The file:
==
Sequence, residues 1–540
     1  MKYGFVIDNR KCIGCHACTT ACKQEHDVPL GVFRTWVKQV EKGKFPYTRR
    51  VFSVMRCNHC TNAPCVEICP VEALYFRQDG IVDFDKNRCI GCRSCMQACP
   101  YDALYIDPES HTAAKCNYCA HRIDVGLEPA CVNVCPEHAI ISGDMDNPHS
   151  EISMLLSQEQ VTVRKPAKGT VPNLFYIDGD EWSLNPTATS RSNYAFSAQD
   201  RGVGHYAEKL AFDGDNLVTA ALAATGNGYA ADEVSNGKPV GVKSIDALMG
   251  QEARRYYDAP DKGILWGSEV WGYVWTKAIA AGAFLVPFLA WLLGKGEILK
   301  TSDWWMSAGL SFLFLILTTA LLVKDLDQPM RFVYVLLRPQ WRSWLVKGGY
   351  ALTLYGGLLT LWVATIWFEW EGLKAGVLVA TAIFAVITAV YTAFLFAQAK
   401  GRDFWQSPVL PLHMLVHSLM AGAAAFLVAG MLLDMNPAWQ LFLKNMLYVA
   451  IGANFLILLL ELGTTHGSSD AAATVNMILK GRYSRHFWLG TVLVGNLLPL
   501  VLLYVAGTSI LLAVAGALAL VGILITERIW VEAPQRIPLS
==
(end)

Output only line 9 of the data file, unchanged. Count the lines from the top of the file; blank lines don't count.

   351  ALTLYGGLLT LWVATIWFEW EGLKAGVLVA TAIFAVITAV YTAFLFAQAK